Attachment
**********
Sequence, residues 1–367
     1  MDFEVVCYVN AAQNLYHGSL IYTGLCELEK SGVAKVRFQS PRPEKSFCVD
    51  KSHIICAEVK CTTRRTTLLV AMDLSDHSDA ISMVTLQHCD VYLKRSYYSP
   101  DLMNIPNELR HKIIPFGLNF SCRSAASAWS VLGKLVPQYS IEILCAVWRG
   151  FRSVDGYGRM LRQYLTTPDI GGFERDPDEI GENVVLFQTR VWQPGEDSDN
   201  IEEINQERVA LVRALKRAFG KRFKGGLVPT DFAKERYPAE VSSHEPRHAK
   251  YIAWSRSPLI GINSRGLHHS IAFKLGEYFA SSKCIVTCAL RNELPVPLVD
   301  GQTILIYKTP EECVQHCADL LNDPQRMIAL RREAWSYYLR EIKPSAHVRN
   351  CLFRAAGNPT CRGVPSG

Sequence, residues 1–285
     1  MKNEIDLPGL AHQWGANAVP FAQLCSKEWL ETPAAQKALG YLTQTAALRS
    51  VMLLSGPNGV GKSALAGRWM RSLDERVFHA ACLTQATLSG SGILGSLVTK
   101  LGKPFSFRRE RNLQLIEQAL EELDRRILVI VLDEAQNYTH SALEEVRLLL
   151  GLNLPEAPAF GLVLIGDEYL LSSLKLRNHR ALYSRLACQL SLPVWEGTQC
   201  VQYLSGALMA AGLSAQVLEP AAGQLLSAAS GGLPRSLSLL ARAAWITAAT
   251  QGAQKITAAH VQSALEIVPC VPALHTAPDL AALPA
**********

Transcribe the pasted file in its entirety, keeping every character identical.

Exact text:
Sequence, residues 1–367
     1  MDFEVVCYVN AAQNLYHGSL IYTGLCELEK SGVAKVRFQS PRPEKSFCVD
    51  KSHIICAEVK CTTRRTTLLV AMDLSDHSDA ISMVTLQHCD VYLKRSYYSP
   101  DLMNIPNELR HKIIPFGLNF SCRSAASAWS VLGKLVPQYS IEILCAVWRG
   151  FRSVDGYGRM LRQYLTTPDI GGFERDPDEI GENVVLFQTR VWQPGEDSDN
   201  IEEINQERVA LVRALKRAFG KRFKGGLVPT DFAKERYPAE VSSHEPRHAK
   251  YIAWSRSPLI GINSRGLHHS IAFKLGEYFA SSKCIVTCAL RNELPVPLVD
   301  GQTILIYKTP EECVQHCADL LNDPQRMIAL RREAWSYYLR EIKPSAHVRN
   351  CLFRAAGNPT CRGVPSG

Sequence, residues 1–285
     1  MKNEIDLPGL AHQWGANAVP FAQLCSKEWL ETPAAQKALG YLTQTAALRS
    51  VMLLSGPNGV GKSALAGRWM RSLDERVFHA ACLTQATLSG SGILGSLVTK
   101  LGKPFSFRRE RNLQLIEQAL EELDRRILVI VLDEAQNYTH SALEEVRLLL
   151  GLNLPEAPAF GLVLIGDEYL LSSLKLRNHR ALYSRLACQL SLPVWEGTQC
   201  VQYLSGALMA AGLSAQVLEP AAGQLLSAAS GGLPRSLSLL ARAAWITAAT
   251  QGAQKITAAH VQSALEIVPC VPALHTAPDL AALPA